I had to resize the cables from 12 AWG to 6 AWG to take care of voltage drop over a 22-foot run and build a control panel and cables from scratch for my four house batteries. I also put in provisions for a future inverter.
The installation was a challenge because it required to blind drill through the inside of the framing of the roof; a 2-inch space in two separate locations. Both were done from the 2-foot x 2-foot roof opening for a exhaust fan or air-conditioning unit.
The first was a 20-inch drill for the cable run from the control panel, which was located on the outside of the Alaskan, and the second was a 12-inch to a power junction box on the roof.
The Alaskan has a wood frame roof on 16-inch centers so the Z mounting brackets on the panels had to match the spacing of the 2-inch x 2-inch frames. I used 1 1/2-inch wood screws and put a very high bond (VHB) tape on the Z foot to keep moisture from entering the roof and help carry the wind load.
It has worked out well running my biggest load; a Norcold DC refrigerator 24/7. However, I want to purchase a small generator for charging the batteries on cloudy days and to run the air conditioner when needed.
It took me 45 hours to complete and cost $2,300. In my opinion, the skill level for this modification is medium for the use of the tools, and hard for some technical expertise and components.
3. Mark Siminoff, Mountain View, California
2005 Dodge Ram 3500
2004 Alpenlite Saratoga 935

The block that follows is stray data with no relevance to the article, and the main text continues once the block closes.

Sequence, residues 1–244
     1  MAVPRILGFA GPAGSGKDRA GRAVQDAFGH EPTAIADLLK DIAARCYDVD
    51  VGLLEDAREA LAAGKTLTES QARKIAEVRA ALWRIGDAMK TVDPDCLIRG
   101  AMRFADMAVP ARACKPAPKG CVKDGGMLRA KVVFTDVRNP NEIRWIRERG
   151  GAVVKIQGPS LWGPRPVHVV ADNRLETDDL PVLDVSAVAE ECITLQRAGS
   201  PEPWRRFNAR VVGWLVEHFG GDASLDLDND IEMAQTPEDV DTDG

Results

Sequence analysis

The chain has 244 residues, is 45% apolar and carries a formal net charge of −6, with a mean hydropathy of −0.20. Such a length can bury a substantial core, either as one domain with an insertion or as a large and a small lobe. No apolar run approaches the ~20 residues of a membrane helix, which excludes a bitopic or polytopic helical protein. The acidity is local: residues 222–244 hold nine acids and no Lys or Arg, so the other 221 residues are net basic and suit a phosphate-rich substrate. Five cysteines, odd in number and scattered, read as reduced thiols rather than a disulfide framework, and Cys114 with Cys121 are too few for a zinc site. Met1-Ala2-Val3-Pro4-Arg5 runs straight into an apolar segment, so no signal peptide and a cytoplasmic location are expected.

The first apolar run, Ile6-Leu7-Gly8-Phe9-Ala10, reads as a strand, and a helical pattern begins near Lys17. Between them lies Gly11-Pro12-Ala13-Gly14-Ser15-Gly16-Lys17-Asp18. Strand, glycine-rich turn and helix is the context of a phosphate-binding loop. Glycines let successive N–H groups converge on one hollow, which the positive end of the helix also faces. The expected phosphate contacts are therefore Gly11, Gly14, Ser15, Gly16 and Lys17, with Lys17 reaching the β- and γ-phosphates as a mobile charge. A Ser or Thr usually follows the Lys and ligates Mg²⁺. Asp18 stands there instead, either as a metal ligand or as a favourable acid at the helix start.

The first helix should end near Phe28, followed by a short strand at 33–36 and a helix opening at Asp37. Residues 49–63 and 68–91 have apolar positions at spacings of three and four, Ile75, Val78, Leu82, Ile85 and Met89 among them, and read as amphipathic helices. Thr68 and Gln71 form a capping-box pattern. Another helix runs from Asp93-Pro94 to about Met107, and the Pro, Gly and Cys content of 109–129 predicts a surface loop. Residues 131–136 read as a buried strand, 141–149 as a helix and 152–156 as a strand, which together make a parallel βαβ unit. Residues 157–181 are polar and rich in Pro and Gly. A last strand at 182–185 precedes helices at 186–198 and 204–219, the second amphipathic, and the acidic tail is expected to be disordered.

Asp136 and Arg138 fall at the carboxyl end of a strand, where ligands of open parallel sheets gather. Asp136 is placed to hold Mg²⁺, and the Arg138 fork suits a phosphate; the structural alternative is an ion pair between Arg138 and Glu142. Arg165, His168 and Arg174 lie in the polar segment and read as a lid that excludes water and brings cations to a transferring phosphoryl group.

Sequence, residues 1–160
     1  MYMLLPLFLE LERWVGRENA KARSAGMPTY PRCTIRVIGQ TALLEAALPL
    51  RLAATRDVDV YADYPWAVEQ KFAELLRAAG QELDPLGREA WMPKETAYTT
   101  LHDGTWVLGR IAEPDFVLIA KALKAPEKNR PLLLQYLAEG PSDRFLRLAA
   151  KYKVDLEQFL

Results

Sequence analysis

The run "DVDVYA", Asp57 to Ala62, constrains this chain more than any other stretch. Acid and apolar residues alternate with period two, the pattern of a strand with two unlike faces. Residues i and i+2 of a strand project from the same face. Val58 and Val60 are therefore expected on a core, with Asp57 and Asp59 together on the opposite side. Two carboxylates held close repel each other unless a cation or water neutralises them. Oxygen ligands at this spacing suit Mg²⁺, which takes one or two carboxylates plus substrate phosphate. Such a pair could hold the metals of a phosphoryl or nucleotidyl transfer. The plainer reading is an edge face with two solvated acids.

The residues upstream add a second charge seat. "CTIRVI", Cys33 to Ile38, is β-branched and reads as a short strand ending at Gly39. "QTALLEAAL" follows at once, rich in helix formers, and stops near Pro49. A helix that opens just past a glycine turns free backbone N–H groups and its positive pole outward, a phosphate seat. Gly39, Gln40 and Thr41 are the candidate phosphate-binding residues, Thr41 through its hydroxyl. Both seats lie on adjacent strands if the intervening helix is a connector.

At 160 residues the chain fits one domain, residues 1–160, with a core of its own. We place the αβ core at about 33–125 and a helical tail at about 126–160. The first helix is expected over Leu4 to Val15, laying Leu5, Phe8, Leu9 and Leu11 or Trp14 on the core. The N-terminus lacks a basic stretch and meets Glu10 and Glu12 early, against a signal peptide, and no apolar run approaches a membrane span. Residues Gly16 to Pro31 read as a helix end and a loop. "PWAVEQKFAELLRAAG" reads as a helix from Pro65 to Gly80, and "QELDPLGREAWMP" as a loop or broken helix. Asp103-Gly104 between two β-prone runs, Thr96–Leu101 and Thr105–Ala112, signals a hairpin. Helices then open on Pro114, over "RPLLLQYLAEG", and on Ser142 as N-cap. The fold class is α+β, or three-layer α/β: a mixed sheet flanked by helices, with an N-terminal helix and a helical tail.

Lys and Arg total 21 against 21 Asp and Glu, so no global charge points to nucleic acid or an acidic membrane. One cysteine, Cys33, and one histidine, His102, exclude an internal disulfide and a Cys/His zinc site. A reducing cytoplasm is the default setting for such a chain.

We are currently traveling our with two children in a truck camper for a full year. A significant chunk of our daily routine is dedicated to education and our homeschooling curriculum, which includes music.
One of the instruments both kids are learning to play is the piano. Of course, it’s no simple task to squeeze a piano into a truck camper. So, as part of the preparation for our trip, I researched compact keyboards and came across the Alesis V49.
This MIDI keyboard is compact enough to travel with us. It has a great feeling keyboard with velocity sensitive keys, is USB powered, and can play on and through our iPad. From there it plays through the truck camper’s stereo speakers, or through headphones.
The big challenge, of course, was finding a place in our tiny truck camper to store a MIDI keyboard. After some searching and measuring, I realized that the keyboard was about the same length as the dinette table, so I decided to make a new tabletop with the keyboard tucked away inside of it.
I chose to create two separate storage compartments within the table; one for the keyboard and the other for school and craft supplies. Accordingly, the tabletop has two doors. When open, each door has small ledge which can also be used to support a book, classwork, or an iPad.